Uber drivers in D.C. got training in human trafficking prevention Tuesday, which is World Day Against Trafficking in Persons.
Uber drivers across the country are learning how to identify a victim of human trafficking.
“They may be in danger, which puts us at risk, so we need to know how to be safe,” driver Burdette Bridgers-Brown said.
There are warning signs to look for in a victim.
“Does somebody look malnourished, like they don’t want to be there?” said Elaine McCartin of the nonprofit Polaris Project, which fights human trafficking and runs the national hotline. “Is somebody treating them in a way that seems like a controlling manner?”
McCartin wants more businesses to do what Uber is doing.
“The entire public sector needs to be involved in this fight,” she said. “When it comes to human trafficking, we’re looking at a $150 billion global crime, so we need the resources.”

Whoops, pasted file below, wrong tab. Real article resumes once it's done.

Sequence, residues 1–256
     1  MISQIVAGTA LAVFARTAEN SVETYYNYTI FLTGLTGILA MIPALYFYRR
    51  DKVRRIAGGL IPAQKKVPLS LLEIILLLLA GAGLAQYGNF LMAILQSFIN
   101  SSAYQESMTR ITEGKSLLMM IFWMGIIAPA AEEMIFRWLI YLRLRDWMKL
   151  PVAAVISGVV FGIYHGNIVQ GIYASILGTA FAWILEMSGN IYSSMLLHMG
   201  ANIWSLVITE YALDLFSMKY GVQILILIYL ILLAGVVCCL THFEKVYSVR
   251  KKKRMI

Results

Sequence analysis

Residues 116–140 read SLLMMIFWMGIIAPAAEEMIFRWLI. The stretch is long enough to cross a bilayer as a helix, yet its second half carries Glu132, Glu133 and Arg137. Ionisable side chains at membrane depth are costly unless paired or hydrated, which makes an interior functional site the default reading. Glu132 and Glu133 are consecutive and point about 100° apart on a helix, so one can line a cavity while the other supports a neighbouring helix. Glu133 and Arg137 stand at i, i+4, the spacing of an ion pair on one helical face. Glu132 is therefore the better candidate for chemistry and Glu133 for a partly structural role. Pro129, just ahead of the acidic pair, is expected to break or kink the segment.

The International Labour Organization estimates more than 40 million victims are in modern slavery.
A few years ago, an Uber driver in California spotted a passenger he thought was a victim of human trafficking and did the right thing, according to Uber law enforcement liaison Wade Stormer.
“Her pimps were in the back of car with her, and they were grooming her, so to speak, and teaching her what to do, and Keith was memorizing what he heard, memorizing where he dropped them off, and then he made the phone call afterward to law enforcement,” Stormer said.
That call led to three people being arrested.